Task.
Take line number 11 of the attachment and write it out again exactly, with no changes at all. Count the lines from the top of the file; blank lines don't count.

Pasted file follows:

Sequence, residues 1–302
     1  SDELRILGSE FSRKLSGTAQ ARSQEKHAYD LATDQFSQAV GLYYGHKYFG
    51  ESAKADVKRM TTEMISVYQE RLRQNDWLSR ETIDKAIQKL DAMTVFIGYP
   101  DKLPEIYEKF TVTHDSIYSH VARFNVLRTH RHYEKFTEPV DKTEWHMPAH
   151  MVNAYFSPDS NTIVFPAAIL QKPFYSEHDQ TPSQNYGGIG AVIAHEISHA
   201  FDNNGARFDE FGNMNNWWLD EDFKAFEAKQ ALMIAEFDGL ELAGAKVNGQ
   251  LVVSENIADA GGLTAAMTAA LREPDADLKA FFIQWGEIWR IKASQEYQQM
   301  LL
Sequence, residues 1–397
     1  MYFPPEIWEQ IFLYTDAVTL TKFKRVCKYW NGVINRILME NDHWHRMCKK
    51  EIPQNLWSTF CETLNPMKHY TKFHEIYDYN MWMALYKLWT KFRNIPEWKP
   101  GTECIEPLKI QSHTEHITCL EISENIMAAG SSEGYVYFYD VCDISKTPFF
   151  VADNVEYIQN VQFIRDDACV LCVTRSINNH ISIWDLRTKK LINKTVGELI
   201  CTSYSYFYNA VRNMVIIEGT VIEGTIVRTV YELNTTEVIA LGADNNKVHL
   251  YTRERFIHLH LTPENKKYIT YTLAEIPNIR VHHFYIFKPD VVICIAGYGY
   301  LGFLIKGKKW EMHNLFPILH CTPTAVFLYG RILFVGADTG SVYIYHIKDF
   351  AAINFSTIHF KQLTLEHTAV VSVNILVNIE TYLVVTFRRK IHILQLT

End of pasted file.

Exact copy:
    51  EIPQNLWSTF CETLNPMKHY TKFHEIYDYN MWMALYKLWT KFRNIPEWKP